Actually, this book hasn’t even been on the bookshelf yet, since I just got it! I finished devouring it yesterday while I waited for my daughter at her flute lesson. I love it! It’s just so yummy that devouring is the perfect word!
This new book by Paula Nadelstern is the first new quilt book I’ve purchased in a long while, and I’m happy to report that it was a completely satisfying purchase. I have her other two books, Kaleidoscopes & Quilts and Snowflakes & Quilts, and to be honest, while the books are stunning visually, and her methods and techniques are interesting and produce exciting quilts, I’m just not sure I’d ever really make a quilt like that. I’ve looked at those two books a lot, but I’ve never been inspired enough to go there (yet).
Puzzle Quilts, however, may just be a different story altogether. I know I read the other two books (I mean really read them, not just perused them), and they just didn’t strike the same chord of inspiration, the “I want to make something with this method NOW” burn. I love the way she writes, and the things she says. It sounds like she’s sitting right there talking to you. Her instructions are so clear and well thought out. I’m not a beginner, but I really think that beginners could probably pick up this book and be successful with the method, so well written are her directions and tips. Paula clearly explains all of her criteria for her fabulous fabric choices, so that you know just which fabrics are your friends when it comes to making Puzzle Quilts.
Her template making and usage instructions are perfect. I’ve used templates like this in past quilts to create kaleidoscopic effects by cutting multiple pieces from duplicate sections of a large print fabric, so I’m familiar with the method. However, Paula introduces a new method for “bending the template” to make it look as if the fabric in a quilt blog is just “dropped in,” all in one piece, when in reality, it’s made up of four or five pieces that have been perfectly fussy-cut to recreate the exact pattern of the fabric in the quilt block. This results in some absolutely fabulous effects.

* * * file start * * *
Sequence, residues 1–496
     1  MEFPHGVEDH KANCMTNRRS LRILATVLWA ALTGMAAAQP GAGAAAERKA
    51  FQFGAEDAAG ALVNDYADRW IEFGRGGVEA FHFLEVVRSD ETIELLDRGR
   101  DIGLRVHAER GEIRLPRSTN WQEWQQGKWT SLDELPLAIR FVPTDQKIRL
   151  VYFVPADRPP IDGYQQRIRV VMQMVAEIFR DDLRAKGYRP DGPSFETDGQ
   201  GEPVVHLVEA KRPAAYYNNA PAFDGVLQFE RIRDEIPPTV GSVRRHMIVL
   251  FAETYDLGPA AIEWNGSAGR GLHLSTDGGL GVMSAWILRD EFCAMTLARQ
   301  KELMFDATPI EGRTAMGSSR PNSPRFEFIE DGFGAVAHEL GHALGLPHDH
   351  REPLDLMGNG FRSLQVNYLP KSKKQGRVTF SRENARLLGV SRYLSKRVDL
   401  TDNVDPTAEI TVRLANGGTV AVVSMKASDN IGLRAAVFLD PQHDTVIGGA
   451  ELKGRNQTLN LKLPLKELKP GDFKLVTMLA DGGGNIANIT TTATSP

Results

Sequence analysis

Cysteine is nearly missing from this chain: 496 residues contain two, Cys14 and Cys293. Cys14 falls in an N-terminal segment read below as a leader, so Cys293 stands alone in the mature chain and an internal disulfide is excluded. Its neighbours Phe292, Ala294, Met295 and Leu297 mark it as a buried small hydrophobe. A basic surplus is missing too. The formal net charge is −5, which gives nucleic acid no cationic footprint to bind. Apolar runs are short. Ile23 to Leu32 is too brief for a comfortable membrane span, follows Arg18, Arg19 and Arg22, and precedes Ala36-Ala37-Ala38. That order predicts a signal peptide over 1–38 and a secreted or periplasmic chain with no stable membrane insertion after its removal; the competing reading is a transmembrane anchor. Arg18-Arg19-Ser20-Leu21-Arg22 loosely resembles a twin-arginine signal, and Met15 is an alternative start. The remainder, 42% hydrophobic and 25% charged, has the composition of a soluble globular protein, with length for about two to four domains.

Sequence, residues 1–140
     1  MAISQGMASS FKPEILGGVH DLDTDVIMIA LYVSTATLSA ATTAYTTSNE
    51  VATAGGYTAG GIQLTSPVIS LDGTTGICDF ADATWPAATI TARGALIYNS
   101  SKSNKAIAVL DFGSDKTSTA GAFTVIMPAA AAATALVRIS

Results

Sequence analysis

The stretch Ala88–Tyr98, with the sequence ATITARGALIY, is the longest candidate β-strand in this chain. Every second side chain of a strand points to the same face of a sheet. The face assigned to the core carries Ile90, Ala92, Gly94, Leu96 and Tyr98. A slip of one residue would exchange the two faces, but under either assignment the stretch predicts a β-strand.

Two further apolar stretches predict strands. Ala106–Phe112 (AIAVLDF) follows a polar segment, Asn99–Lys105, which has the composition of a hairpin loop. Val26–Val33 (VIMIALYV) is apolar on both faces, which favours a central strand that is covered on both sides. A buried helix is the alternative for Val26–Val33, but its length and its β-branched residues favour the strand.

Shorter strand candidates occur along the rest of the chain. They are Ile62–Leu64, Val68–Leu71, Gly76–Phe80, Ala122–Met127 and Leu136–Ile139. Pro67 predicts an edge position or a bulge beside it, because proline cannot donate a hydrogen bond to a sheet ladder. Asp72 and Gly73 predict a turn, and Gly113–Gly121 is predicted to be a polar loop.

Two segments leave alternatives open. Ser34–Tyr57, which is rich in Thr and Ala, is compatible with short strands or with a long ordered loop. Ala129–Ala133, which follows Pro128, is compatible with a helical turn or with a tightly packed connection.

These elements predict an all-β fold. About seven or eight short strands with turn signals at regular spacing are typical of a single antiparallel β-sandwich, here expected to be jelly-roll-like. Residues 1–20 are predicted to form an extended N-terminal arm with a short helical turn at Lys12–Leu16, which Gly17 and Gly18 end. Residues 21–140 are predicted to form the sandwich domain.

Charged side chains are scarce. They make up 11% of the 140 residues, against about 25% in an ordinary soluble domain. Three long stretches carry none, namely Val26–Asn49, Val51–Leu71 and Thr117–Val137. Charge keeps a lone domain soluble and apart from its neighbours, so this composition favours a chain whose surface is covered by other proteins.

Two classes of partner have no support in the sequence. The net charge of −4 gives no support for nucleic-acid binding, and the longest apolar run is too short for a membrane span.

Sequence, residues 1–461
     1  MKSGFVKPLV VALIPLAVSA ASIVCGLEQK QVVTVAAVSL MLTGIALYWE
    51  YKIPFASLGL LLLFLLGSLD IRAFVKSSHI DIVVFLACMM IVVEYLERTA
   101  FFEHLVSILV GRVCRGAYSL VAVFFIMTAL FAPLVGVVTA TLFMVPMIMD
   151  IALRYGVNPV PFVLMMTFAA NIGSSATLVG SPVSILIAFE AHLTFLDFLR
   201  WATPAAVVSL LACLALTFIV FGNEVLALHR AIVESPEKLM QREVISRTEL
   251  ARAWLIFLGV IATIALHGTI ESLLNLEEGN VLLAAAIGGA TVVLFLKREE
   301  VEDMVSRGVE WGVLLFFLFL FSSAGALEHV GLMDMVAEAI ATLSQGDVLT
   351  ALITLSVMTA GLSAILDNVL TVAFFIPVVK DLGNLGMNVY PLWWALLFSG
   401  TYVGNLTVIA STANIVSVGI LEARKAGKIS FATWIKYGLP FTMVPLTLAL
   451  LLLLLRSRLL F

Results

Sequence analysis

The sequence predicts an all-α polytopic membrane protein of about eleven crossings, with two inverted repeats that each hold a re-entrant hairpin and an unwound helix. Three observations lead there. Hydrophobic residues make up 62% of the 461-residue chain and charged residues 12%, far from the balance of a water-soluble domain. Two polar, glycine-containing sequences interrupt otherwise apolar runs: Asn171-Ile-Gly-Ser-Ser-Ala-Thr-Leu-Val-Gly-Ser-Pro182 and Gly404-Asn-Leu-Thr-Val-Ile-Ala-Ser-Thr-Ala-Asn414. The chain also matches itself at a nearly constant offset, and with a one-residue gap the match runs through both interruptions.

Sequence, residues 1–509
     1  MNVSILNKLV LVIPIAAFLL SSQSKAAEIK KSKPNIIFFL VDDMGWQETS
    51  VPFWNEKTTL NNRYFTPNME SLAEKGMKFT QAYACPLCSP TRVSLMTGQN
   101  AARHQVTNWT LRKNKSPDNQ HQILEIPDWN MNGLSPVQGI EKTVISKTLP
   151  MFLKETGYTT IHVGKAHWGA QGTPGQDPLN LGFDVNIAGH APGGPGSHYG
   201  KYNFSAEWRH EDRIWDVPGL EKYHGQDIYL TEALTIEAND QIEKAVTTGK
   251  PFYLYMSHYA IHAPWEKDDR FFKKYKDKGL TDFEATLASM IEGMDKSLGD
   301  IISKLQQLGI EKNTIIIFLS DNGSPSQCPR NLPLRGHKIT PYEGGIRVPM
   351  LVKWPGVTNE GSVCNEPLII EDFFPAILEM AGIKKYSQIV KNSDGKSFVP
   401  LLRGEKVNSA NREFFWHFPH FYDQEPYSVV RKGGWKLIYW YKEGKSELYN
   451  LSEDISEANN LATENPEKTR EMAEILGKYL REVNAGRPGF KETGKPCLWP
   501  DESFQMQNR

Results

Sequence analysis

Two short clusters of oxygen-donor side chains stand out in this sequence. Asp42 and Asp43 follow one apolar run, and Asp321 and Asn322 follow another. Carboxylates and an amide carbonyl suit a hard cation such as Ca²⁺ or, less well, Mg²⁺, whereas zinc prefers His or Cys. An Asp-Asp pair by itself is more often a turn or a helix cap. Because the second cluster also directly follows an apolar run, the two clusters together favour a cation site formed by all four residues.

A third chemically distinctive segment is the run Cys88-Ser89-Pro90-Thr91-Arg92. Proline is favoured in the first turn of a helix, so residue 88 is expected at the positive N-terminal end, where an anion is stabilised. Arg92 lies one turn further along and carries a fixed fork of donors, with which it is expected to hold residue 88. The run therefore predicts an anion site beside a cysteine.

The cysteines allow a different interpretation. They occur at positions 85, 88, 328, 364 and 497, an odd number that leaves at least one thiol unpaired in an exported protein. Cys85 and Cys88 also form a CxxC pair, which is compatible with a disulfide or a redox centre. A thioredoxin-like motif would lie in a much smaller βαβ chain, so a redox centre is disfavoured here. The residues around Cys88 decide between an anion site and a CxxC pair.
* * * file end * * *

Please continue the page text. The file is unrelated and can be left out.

Part two of Puzzle Quilts is a Workbook section, where she dissects many different pieced blocks, so that readers know what fabrics she used, why and how they were used. Each and every block is mouthwatering, and at the risk of being repetitive, I’m going to use that word “inspiring” once again. Complete, concise, beautiful and inspiring; what more could you want in a new quilt book? I have a new quilt design rumbling around in my head (like that’s a surprise, huh?) and I think this method will work well for what I have planned: a (mostly) blue and white quilt with snowflake designs, with the blocks made it all different sizes using Paula’s method. And of course, it’ll have crystals, tons of crystals (another big surprise, I’m sure!). Hmm, may have to go fabric shopping to stock up on all the right Prima Donna fabrics for this one. 🙂 Puzzle Quilts is a keeper.